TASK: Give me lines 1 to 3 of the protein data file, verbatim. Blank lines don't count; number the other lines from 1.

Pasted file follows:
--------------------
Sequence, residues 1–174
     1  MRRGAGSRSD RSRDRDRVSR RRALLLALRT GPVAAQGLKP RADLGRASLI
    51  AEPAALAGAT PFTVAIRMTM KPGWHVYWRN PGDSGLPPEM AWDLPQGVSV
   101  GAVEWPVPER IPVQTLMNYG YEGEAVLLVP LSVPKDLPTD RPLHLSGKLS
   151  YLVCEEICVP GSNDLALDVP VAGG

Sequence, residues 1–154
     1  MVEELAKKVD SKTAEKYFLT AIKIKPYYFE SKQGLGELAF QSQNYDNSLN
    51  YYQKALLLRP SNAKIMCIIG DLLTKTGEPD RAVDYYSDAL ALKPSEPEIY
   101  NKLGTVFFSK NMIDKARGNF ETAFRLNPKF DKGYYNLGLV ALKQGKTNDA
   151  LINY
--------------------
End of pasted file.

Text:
Sequence, residues 1–174
     1  MRRGAGSRSD RSRDRDRVSR RRALLLALRT GPVAAQGLKP RADLGRASLI
    51  AEPAALAGAT PFTVAIRMTM KPGWHVYWRN PGDSGLPPEM AWDLPQGVSV